Modeling of the complex hydrocarbon traps by the shot domain acoustic finite difference method and data-processing

Karmaşık hidrokarbon kapanların atış ortamı akustik sonlu farklar yöntemi ile modellenmesi ve veri işlemi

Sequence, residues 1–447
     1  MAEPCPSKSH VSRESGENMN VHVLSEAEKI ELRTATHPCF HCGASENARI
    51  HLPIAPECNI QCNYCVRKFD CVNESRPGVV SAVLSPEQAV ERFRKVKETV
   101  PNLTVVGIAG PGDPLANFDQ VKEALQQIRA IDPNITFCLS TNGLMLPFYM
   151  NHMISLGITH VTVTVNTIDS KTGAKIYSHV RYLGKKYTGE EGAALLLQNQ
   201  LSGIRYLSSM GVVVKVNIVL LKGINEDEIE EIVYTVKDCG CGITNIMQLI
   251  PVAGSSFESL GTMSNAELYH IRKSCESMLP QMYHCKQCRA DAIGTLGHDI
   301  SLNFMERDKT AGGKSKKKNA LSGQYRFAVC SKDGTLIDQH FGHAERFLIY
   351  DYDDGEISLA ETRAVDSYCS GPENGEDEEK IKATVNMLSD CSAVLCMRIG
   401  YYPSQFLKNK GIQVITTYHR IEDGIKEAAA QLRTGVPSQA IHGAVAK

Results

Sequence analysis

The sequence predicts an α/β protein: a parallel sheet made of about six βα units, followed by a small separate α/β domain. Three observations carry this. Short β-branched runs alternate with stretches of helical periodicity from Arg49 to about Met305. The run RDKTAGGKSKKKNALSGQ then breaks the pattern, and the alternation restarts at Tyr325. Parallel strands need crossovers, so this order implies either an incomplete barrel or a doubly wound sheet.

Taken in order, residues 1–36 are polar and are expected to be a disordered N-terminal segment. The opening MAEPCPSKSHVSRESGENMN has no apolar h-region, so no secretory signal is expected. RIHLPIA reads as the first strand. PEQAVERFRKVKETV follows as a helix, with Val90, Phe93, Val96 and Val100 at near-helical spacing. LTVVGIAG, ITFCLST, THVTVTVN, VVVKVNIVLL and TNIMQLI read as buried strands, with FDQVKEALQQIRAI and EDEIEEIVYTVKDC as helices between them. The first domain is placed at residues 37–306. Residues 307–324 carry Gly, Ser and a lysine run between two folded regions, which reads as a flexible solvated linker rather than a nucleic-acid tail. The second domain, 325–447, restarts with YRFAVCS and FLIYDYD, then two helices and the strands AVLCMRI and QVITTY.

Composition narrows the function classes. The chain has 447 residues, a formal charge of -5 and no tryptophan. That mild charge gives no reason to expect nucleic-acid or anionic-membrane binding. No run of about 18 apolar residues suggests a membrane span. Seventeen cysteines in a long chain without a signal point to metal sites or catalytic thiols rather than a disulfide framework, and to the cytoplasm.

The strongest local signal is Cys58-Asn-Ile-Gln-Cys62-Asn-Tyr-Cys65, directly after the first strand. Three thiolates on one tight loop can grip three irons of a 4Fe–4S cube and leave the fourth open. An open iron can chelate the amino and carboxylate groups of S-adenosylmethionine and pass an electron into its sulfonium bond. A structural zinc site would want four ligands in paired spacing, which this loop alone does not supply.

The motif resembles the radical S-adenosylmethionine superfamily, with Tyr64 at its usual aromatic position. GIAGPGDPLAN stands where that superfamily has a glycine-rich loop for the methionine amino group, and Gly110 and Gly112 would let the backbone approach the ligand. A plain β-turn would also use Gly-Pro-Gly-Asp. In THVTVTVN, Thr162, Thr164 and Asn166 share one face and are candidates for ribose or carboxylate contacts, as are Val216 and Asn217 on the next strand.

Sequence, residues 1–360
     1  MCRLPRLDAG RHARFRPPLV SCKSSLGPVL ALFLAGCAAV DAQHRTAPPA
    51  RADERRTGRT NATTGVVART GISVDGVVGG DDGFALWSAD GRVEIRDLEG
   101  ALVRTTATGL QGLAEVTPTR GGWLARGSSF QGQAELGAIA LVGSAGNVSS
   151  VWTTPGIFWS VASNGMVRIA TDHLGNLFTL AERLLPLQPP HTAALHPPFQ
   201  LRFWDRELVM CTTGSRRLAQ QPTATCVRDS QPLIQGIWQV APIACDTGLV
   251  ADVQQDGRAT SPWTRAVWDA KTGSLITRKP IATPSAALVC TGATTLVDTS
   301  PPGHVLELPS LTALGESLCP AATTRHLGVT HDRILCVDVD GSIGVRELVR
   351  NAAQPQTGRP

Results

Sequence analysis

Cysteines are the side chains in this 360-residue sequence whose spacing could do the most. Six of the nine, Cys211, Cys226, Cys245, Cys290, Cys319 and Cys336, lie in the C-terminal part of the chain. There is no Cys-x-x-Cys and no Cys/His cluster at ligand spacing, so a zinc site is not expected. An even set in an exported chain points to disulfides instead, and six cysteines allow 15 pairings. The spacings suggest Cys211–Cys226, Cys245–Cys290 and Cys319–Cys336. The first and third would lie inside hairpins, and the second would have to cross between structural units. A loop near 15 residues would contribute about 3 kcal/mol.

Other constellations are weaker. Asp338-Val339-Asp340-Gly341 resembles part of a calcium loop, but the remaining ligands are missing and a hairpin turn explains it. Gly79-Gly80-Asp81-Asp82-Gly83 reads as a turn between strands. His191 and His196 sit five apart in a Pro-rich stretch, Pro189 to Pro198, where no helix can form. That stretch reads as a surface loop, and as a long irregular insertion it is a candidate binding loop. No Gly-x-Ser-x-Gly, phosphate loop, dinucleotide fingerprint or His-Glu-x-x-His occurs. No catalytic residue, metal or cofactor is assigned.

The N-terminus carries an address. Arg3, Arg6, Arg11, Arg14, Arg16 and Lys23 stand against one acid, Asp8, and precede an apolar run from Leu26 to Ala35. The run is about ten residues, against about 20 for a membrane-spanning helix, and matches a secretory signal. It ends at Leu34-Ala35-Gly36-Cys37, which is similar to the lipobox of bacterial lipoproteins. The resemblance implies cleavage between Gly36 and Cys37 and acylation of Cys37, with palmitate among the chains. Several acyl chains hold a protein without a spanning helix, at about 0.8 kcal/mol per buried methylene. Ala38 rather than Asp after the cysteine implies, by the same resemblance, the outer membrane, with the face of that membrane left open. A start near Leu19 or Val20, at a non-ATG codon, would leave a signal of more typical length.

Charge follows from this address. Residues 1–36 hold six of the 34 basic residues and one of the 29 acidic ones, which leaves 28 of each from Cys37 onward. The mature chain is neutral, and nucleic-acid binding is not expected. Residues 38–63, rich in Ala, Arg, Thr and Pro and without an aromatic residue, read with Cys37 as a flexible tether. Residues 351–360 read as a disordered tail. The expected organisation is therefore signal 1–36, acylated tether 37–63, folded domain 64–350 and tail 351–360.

Numerical modeling studies have a widespread application in exploration seismology in order to understand the seismic reflection responses of hydrocarbon traps formed in relation to tectonic structure, lithological changes and unconformities in complex geological environments and to develop effective data processing strategies. In this study, the seismic modeling of two important hydrocarbon trap models (Granite Wash and Normal Fault Trap) was performed by the Finite Difference Method (FDM), which provides the solution of the acoustic wave equation. Seismic data models were carried out in the pre-stack shot environment, and the obtained shot data were passed through appropriate data-processing stages to obtain stack and migration (zero offset) sections. By converting the obtained migration sections to depth, the spatial location and dimensions of hydrocarbon traps on the section were determined and it has been observed that they are compatible by comparing with the initial geological models. Thus, the seismic responses of hydrocarbon trap structures were learned, the importance of data processing was understood, and zero offset crosssections were obtained by processing of the generated synthetic shot records. Accordingly, it was observed that it is appropriate to make more and frequent shots in the investigation of granite wash type traps which are thin and short-width, whereas it is useful to make relatively less frequent shots in order to reduce the scattering intensity caused by the discontinuities of the fault type structures. Consequently, it is thought that before the field study for the hydrocarbon exploration, the modeling of the pre-stack shot instead of the post-stack modeling (zero offset) will contribute to the development of the data processing stages and the testing of the seismic section interpretation. In the future, such synthetic models and data processing will be developed for different complex trap structures and real data.

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